- Implicitly, when the system performs data export/import operations
- Explicitly, when checking SMDB performance in different configurations
The mentioned checks imply running tests that simulate different intensities of work loads
To accelerate the process of tests implementation, it was decided to:
- Apply an approach when each developer creates the automated test scenarios for the functionality he works on during this iteration
- Test planning and design will be performed by a dedicated QA Lead
By executing manual and automated tests as soon as feature is ready, test engineer will provide minimal “bugs detection time”. It means that we start to test feature without waiting when all of them are done. It requires accurate planning of tests implementation based on feature implementation plan. At the beginning of a sprint, QA Lead synchronizes a test plan with the Dev team and prioritizes tests.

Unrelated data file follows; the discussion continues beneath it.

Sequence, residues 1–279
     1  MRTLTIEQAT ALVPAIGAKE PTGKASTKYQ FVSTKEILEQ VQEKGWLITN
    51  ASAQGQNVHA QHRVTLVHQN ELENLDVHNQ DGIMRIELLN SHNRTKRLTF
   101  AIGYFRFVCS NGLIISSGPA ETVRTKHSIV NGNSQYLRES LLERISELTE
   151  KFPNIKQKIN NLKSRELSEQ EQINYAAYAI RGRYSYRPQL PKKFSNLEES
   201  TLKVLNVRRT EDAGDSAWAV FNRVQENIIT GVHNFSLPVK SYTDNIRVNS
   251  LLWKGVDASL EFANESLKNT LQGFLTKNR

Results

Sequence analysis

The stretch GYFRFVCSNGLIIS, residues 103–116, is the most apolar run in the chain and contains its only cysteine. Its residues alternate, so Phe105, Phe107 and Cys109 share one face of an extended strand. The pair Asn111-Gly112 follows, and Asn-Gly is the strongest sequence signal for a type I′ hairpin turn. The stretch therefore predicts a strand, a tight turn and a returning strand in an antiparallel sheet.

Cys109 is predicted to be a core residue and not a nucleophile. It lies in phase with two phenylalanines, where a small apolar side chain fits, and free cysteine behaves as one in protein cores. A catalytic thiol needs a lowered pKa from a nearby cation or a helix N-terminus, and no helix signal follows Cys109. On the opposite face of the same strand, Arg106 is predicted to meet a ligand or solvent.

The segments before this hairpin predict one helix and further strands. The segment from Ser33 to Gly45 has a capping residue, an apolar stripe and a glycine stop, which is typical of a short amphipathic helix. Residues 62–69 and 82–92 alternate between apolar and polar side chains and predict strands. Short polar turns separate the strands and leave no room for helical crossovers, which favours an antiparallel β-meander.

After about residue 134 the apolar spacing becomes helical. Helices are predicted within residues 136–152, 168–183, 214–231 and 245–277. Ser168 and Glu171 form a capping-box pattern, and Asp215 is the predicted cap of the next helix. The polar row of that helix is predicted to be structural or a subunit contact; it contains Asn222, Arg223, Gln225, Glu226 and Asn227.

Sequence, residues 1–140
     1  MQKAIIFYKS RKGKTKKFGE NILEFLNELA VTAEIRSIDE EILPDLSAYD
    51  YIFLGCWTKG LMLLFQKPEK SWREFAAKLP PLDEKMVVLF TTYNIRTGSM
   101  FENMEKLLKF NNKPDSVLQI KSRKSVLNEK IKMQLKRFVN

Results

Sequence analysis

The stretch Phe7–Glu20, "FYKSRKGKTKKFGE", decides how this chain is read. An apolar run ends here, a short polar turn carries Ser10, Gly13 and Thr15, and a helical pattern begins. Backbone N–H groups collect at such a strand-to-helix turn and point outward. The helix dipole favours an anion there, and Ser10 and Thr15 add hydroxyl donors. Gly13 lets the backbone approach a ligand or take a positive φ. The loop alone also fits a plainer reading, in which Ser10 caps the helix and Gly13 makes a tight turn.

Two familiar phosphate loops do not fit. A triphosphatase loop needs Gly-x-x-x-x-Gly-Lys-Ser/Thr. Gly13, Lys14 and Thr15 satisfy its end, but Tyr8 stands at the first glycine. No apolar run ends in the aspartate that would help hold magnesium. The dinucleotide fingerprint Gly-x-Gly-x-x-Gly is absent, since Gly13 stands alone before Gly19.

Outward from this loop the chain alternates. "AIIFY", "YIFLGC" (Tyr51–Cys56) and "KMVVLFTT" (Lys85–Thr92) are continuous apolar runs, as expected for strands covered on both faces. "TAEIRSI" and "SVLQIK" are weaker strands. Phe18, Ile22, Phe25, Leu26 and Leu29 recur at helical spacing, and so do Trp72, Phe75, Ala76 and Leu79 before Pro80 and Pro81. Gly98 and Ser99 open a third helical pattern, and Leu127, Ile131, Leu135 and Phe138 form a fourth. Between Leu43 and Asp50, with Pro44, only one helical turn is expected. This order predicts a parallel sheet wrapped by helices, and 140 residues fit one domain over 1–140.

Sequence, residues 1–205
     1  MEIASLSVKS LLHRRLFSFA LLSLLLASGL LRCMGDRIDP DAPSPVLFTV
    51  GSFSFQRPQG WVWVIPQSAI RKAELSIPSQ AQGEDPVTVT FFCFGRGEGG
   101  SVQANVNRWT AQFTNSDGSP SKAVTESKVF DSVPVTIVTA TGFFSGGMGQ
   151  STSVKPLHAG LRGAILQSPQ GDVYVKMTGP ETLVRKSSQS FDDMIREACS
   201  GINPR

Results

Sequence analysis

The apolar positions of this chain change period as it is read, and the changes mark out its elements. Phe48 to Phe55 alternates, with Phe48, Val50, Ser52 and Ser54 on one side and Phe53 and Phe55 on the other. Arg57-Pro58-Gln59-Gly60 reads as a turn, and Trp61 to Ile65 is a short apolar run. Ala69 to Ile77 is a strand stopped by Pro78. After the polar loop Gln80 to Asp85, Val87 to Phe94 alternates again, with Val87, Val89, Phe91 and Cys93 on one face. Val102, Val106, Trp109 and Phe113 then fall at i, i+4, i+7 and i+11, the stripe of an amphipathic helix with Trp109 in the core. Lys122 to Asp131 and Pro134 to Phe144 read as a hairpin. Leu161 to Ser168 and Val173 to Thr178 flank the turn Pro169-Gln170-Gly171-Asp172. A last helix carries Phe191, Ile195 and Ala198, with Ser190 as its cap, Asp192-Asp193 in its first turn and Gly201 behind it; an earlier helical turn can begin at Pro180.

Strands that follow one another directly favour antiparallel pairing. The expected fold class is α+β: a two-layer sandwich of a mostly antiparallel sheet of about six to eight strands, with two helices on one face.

Tests are run as a part of CI system based on Jenkins. The appropriate job is performed on each successful commit of code into the branch. Each test scenario run is logged, its result is accumulated to be a part of Test Report document. After Test Report is ready, the results are analysed for fails and mistakes to shape the overall status of testing and to perform the required changes into the source code.
On reaching “Feature freeze” sprint milestone, QA engineers are able to run all the tests including system-level and non-functional ones. “Code freeze” declares that making changes to the code is not allowed and this code is ready for final testing and, in most cases, delivery to a customer.
QA Lead is responsible for the test processes on the project including test management, monitoring, control, reporting, consultancy, issues lifecycle, etc.